Editorial from the March 1992 issue of the Socialist Standard
Democracy: rule of the people by the people. The 1992 General Election: a chance to choose whether to be ruled over by Tweedledum or Tweedledee. The right to place a cross on a ballot paper every four or five years does not amount to democracy. To be governed is to be unfree.
The coming election will be a cynical exercise in manipulating workers’ minds to blame A or have hope in B as a way out of the mess of relative degrees of poverty which is the lot of the majority of us. Labourites and Lib-Dems will pretend that all of the problems of capitalism emanate from wicked Tory rule and could be remedied by them carrying out almost identical policies to the Tories. The Conservatives will lie that the workers have done well under them since 1979, despite the objective record of working-class hardship which only the socially blind cannot see around them. There will be smears: Kinnock the crypto-Stalinist; Major the secret puppet of the Thatcherite barbarians. There will be press launches in which political charades will take the form of tame rock concerts. There will be TV broadcasts in which your future will be sold to you by the same twisters who sell time shares and Fairy Liquid. There will be cheap, hollow slogans. There will be crass photo opportunities in which the previously inhuman shapes of Kenneth Clarke and Gerald Kaufman will pose with cuddly kiddies and dying geriatrics. There will be promises so big that all but the strongest will be crushed as they fall upon us.
For all of that, it is better to have the vote than not to have it. The workers in the Chartist movement of the last century were no fools in wanting their chance to determine who will rule. The wealthy who opposed votes for workers on the grounds that the working class is many and the property-owning rich parasites are few and therefore the many might end the social power of the few had a point. Sadly, the past century of working- class franchise has not yet justified those fears of real democracy. The workers have been persuaded to play the game: bought off by reforms and conned by leaders, the potential power of the vote has been wasted in every single election.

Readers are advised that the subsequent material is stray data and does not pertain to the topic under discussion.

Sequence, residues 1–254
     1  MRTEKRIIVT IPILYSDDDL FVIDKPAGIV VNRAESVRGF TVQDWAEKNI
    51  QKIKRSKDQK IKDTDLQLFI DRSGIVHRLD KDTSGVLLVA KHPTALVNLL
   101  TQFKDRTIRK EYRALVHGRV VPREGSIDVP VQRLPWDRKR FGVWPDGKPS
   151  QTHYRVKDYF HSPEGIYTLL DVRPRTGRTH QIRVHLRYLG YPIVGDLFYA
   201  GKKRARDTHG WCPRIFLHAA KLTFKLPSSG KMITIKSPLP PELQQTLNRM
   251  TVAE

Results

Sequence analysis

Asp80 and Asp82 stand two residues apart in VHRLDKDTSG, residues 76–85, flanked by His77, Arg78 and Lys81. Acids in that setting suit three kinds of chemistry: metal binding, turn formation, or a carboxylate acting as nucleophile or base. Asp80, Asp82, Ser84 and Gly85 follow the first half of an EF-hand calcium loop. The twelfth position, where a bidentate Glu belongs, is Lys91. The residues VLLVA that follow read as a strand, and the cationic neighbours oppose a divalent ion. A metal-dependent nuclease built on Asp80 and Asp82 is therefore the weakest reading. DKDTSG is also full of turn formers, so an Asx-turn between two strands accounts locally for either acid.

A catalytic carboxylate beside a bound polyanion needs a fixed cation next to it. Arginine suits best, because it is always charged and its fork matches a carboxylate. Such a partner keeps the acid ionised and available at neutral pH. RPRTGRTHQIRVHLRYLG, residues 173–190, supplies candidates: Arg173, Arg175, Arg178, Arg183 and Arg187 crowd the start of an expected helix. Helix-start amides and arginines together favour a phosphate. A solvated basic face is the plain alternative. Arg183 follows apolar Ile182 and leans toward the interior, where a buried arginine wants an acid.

The answer is not to abandon the vote and ignore elections, but to work to create a politically-educated electorate of working men and women who understand where their interest lies. The battle, not just when the electoral whistle blows, but at all times, is to win workers’ minds; to make class-conscious workers. Such workers, currently only a small minority, will never waste their votes on electing leaders, nor will they support any policy designed to run the profit system which exploits and dominates them.
Socialists enter into the electoral contest, using it as a means of putting our revolutionary case for socialism to the widest number of fellow workers. In the coming election we shall put up one candidate, Richard Headicar, in the Holborn and St Pancras constituency. He is not a prospective leader, but a delegate to be used by workers who understand and support the socialist mandate. If elected, our delegate will be wholly accountable to the socialist majority which put him into parliament for the sole purpose of stating the socialist position and furthering the socialist cause. When enough socialist delegates are elected, here and throughout the world, the workers' conscious will shall be enacted: class ownership and control of the means of life will cease and the state, which is an instrument of class coercion will be abolished.
The socialist candidate in the coming election will receive negligible media attention and little chance to debate with his rivals who will be too busy engaging in manipulative stunts to dare to take on socialism in democratic debate. Our party will be charged £500 by the state for the right to join the electoral contest and then will meet with an unfair fight in which money, the means of communication and public prejudice will be stacked in favour of the pro-capitalism candidates. On our side we shall have little money and working-class supporters with constraints upon their time, but we shall not flinch from the fight, sure in the knowledge that the undeniable class interest of the vast majority is represented by Socialism which we alone stand for in this election.